A television channel of the Tigray region in northern Ethiopia reported that Mekele, the regional capital, was bombed by air on Wednesday morning, for the second time this week.
Tigray TV, which is controlled by the Tigray People’s Liberation Front, said the attack targeted the city center. He posted pictures of what appeared to be billowing plumes of smoke, but Reuters could not immediately determine where the pictures were taken.
This bombing comes days after a new ground military attack on the Tigray forces, which have been engaged in military confrontations against the Ethiopian government and its allied forces for nearly a year, killing thousands and displacing more than two million residents.
The LTTE accused the Ethiopian government of carrying out the attacks, and although a government official initially denied the strikes, state media later reported that the air force launched an attack on the territory.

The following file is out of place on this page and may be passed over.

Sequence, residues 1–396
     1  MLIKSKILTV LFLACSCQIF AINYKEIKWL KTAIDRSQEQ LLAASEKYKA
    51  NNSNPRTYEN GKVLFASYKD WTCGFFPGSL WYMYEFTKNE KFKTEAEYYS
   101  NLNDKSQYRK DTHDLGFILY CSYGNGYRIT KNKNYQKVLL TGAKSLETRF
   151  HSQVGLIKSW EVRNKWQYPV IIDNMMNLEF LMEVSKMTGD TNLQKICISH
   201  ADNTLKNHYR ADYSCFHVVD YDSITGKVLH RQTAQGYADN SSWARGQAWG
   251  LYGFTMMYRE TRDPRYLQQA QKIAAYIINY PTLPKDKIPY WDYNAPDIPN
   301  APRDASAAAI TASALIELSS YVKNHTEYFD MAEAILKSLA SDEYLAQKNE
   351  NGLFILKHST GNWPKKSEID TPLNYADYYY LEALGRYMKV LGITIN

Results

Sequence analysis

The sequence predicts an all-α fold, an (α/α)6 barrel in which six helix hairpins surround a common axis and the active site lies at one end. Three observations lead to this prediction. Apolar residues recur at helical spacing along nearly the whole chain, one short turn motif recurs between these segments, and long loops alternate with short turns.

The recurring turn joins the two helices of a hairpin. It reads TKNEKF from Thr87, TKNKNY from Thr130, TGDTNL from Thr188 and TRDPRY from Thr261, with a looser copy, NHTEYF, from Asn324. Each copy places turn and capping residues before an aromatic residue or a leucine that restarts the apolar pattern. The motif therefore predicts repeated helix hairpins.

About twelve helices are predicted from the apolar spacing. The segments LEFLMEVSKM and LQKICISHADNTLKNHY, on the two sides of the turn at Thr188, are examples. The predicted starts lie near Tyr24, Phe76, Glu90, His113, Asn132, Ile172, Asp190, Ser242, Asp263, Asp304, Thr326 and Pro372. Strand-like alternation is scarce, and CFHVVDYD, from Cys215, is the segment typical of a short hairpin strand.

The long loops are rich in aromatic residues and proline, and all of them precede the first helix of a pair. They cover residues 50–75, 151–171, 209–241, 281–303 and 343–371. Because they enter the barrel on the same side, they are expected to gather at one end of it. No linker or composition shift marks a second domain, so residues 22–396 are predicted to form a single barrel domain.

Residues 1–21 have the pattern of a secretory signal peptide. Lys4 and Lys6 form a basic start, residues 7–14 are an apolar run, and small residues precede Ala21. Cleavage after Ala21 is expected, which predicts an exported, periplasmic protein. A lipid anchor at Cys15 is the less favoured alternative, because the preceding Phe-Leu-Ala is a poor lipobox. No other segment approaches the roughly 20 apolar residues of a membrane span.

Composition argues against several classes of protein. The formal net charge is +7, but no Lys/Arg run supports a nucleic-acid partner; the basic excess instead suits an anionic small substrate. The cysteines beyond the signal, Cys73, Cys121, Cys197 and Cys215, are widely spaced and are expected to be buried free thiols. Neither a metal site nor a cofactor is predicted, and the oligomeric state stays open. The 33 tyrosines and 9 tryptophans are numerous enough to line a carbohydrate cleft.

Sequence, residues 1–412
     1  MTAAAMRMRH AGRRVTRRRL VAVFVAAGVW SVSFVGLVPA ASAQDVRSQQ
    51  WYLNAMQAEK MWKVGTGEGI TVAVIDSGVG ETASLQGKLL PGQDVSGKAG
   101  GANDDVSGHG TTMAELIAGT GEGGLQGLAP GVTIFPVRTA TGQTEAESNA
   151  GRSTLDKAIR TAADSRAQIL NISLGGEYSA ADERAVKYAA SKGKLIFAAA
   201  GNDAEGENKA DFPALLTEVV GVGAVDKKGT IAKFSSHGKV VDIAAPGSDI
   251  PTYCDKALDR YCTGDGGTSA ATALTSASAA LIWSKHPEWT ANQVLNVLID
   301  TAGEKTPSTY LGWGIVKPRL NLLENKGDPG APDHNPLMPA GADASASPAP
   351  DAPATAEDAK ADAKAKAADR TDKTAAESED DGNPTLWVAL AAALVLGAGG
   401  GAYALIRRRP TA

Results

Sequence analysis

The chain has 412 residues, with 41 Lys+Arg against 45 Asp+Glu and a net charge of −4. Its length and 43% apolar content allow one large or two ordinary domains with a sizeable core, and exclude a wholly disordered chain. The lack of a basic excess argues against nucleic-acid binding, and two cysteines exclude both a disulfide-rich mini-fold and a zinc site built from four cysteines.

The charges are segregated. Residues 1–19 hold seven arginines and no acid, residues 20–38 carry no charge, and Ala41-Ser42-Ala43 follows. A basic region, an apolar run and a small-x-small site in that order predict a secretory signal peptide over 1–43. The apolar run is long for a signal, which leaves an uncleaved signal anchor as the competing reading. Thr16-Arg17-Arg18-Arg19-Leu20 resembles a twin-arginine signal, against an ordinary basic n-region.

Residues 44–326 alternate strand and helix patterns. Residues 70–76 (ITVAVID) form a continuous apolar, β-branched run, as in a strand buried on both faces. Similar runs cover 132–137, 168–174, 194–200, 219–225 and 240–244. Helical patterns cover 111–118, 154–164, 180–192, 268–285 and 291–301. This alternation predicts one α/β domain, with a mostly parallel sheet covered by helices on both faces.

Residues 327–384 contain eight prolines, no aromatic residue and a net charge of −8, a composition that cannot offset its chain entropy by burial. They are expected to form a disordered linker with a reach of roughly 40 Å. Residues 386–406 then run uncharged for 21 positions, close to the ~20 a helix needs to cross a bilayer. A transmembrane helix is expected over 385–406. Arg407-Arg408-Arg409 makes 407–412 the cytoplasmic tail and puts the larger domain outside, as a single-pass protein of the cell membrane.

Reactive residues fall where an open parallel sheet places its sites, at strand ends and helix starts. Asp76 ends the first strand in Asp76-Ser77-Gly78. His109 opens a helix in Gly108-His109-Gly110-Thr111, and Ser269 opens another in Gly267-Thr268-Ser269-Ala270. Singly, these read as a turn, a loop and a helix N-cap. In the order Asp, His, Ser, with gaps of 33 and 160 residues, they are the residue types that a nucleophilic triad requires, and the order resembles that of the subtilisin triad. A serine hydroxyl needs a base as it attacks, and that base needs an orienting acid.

The Tigray People’s Liberation Front forces regained control of Mekele last June, 7 months after it fell to the Ethiopian forces backed by Eritrean forces.
The strikes came on the heels of intense fighting in two other Ethiopian districts, as the federal government’s army attempts to retake lands captured by the Tigray People’s Liberation Front in the north of the country.
The strikes escalated days after Prime Minister Abiy Ahmed inaugurated a new 5-year term, and amid threats of US sanctions against individuals and entities responsible for the violence in Tigray.
The spokesman for the Secretary-General of the UN, Stephane Dujarric, said on Monday that the airstrikes launched by the Ethiopian forces on Mekele could severely disrupt relief operations and affect civilians, stressing the need to ensure rapid passage of relief operations to avoid famine.
The UN spokesperson stated that there is a deep concern “about the escalation of the conflict in northern Ethiopia,” stressing the need for “all parties to avoid targeting civilians or civilian infrastructure.”
Dujarric renewed the Secretary-General’s call for a halt to all hostilities, urging the parties to “prioritize the well-being of people and provide the necessary support to the flow of vital humanitarian assistance, including facilitating the movement of fuel and medicine deliveries.”